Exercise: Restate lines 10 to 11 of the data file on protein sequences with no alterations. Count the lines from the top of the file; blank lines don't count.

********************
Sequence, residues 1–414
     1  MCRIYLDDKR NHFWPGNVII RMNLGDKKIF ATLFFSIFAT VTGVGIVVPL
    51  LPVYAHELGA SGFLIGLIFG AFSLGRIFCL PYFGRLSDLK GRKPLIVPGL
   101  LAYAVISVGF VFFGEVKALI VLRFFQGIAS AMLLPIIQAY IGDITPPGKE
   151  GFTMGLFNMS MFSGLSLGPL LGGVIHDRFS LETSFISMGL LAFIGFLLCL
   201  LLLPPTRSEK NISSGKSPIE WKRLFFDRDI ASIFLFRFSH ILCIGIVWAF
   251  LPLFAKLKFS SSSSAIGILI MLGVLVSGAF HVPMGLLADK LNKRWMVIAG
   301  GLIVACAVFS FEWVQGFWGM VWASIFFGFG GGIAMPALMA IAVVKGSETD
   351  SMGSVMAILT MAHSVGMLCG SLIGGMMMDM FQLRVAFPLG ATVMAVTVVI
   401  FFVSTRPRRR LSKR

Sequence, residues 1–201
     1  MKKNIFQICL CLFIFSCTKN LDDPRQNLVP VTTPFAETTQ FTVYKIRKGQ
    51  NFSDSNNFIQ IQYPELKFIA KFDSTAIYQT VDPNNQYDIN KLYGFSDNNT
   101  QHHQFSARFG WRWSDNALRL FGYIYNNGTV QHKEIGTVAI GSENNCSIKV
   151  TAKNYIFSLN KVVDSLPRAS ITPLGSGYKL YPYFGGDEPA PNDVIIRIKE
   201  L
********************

   401  FFVSTRPRRR LSKR

Sequence, residues 1–201